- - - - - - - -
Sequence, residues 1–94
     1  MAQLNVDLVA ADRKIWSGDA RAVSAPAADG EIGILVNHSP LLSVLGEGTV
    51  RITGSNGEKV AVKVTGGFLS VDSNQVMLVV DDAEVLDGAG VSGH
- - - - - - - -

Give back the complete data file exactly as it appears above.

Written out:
Sequence, residues 1–94
     1  MAQLNVDLVA ADRKIWSGDA RAVSAPAADG EIGILVNHSP LLSVLGEGTV
    51  RITGSNGEKV AVKVTGGFLS VDSNQVMLVV DDAEVLDGAG VSGH